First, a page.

• Hey, welcome back, SW! Actually my welcome is ambivalent as well. Every morning I’ve been clicking on “favourites” and found it weirdly satisfying that you hadn’t posted anything, which could only mean your adventure was continuing. By God, I envied you…

      Looking forward to reading what you’ve been up to! Yes, that NEX — I keep reading about how long it takes to get one. Meanwhile, while you were away they released a new model in the line-up, an entry-level number. Hope yours turns up soon and you can start playing. I spend two or three hours each afternoon now, post-work, scurrying along the riverbank, losing myself in that viewfinder…

  2. What a super post. You do write well. I particularly like the understated way you tend to end your pieces. While I was reading this, Shelley’s sonnet, Ozymandias, came to mind.
    Lovely photos, every one. The golden grass is compelling. BTW, that tree in the last two shots is an ent. Definitely. ;)

    • Ha, thank you! One thing I love about the trees over here is that most of the big ones have these bloody enormous bird nests in them, the Korean “magpie”, it seems to be called.

      The endings: well, that’s the usual way with my rambles: nothing dramatic, a bit of wondering, nothing too deep, and then on down the trail I go… Yes, I was delighted when I first saw those pictures on the screen and saw how well the colour had turned out.

  3. Robert says

    You find the most amazing places and present them so well! I’m taking lessons from you in the build up to my Nepal trek. Now I’m thinking I should ditch the idea of using my phone camera (samsung galaxy 2s). By the way, I’m sure Rachael is right; that’s Treebeard for sure!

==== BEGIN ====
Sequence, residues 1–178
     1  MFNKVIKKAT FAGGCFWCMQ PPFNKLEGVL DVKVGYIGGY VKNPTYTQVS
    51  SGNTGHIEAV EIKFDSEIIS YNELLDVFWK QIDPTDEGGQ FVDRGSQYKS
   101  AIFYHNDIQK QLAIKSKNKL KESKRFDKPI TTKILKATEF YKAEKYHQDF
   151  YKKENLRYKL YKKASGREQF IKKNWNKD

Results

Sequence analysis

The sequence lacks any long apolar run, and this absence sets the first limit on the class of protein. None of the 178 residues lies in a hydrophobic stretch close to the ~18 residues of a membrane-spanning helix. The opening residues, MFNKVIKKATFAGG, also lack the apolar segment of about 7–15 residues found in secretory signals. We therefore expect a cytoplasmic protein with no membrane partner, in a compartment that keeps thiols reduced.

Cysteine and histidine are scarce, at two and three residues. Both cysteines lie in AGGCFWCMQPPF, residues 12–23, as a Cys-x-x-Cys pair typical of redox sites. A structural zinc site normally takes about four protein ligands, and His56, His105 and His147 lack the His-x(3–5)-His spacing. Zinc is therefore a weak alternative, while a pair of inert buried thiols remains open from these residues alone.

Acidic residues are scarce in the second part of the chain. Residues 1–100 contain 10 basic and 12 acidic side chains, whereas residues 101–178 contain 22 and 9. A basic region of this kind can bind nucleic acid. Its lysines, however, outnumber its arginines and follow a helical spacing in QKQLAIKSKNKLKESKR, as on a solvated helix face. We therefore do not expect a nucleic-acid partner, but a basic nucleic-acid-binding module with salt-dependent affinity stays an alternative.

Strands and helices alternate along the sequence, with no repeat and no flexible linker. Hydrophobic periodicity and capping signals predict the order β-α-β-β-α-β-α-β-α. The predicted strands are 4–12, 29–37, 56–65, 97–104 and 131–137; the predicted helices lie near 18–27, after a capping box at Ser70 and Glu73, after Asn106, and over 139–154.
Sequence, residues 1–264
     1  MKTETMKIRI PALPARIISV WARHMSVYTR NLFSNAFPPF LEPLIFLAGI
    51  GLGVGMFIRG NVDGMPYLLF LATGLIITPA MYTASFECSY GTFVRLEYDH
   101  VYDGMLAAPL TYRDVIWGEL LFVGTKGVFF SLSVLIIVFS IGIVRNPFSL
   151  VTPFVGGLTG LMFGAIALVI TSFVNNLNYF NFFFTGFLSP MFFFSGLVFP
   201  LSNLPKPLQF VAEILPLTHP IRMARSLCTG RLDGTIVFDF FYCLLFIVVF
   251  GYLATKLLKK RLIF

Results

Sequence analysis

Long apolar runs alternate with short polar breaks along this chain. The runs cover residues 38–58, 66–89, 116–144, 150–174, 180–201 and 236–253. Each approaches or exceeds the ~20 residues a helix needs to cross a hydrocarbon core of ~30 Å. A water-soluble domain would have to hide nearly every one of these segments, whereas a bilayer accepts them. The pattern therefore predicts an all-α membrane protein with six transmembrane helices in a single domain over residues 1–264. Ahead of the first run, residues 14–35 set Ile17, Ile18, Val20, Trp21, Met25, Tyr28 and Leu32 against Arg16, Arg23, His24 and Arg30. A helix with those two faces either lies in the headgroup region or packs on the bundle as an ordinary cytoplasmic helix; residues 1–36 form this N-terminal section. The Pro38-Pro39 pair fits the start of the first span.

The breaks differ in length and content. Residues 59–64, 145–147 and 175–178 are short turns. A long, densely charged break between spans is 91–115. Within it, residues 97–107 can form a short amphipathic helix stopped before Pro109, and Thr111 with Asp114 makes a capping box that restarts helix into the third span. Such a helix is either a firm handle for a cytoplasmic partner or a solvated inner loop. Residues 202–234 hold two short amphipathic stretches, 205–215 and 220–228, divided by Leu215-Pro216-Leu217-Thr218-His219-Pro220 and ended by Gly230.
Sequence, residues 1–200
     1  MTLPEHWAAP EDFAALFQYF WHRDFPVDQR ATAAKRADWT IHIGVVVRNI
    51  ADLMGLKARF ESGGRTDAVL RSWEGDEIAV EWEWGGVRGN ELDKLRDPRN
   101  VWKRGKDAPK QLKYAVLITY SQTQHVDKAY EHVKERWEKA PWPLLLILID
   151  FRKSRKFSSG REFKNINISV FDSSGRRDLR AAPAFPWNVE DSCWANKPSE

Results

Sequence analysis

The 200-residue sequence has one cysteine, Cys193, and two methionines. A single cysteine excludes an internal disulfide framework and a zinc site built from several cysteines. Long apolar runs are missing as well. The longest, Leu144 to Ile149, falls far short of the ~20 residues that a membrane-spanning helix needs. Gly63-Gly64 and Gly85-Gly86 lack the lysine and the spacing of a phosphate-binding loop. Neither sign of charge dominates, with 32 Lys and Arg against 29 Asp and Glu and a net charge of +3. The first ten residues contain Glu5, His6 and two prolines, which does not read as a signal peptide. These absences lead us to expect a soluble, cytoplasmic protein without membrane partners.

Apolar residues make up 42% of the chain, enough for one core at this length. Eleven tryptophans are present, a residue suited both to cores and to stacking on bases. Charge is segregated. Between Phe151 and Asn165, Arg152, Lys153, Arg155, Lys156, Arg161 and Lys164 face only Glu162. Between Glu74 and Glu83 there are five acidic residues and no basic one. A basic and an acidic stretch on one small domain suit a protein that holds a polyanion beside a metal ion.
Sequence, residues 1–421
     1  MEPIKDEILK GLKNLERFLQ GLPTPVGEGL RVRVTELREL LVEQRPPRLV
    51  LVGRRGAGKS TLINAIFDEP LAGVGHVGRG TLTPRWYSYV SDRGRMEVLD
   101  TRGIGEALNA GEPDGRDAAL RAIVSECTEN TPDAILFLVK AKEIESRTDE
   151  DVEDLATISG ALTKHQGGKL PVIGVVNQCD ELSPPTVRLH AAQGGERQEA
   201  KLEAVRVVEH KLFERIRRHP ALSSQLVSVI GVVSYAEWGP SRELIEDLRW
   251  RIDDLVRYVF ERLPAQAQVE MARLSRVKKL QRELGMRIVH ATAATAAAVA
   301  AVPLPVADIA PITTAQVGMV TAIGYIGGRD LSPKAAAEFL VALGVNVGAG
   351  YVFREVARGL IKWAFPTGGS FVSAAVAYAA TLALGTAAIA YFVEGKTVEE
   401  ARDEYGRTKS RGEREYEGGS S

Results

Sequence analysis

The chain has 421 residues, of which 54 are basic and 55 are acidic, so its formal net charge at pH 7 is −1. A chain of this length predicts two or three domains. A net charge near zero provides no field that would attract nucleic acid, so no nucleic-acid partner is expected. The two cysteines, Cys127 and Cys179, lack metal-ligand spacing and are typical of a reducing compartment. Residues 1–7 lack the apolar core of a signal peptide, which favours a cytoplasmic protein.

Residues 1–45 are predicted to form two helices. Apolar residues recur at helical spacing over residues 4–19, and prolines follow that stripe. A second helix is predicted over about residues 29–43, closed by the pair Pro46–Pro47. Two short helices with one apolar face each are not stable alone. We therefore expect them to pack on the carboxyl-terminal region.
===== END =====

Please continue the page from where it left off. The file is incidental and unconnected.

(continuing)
• You know, I had to go back and have another look at those pictures! Imagine that tree when it has another hundred years under its mossy belt.

      A Samsung, eh? You’d be a legend over here. But I dunno, unless you’re esp good at using that camera to its full potential, consider a decent “real” camera — I really want to see some jaw-dropping shots of yr trip!

  4. am says

    Splendid series of photos in this post, Goat. I’m continuing to appreciate seeing Korea through your eyes and through your writing.

    A friend today was talking about a Korean dish called bibimbap that I used to order frequently during the 1980s at a Korean restaurant in Bellingham called Seoul Garden. They served generous portions of delicious Korean food at that restaurant. They also made sushi. That was my first exposure to sushi.

    http://en.wikipedia.org/wiki/Bibimbap

    • Thanks a lot, Am. My relationship with Korea is, er, “problematic”, but I had a great day walking yesterday and I felt glad to be here. Must confess, though, I’m not at all fond of most Korean food, especially the smell, which I don’t find enticing the way good food should smell. Part of it may be that the stink of garlic permeates the very air over here: my stairwell, trains, buses, even people passing on the trail…

      Reading online, I see where I’m not the only one to feel this way, and apparently there has been a move to “tone down” the strong odours of kimchi etc to spread the cuisine internationally. I would guess that in a lot of Korean restaurants catering to westerners, this is the case.

      As for bibimbap, that’s one of the meals here I quite like. Quite hearty, and good for vegetarians. I don’t know, though — I’ll be accused of being a crank again, but I hate eating rice with a spoon!

  5. Your photos are just ridiculously good! Love the golden grass against the blue sky, looks very serene….reminds me of the Indian Mounds here in the South, except they are usually not that big.

    • Ha, thank you! First rule of photography: hide all your hundreds of rotten shots!

      I remember those Indian graves from my drive through the South in 1993. But yes, these ones are huge, quite ostentatious as mounds of earth go!

  6. They are nice shots with the contrast of the golden grass and the blue sky. I do like that path with the curve in it. In fact every time I see a bend in a path or track when hiking I take a photo! I reckon you probably do likewise!

    • Ha, absolutely! I think that’s part of what motivates we walkers: the next bend in the path. Even though what’s usually round the bend is more of the same! But yes, a nicely curving path in the woods or switching back and forth up a mountainside. Perfection.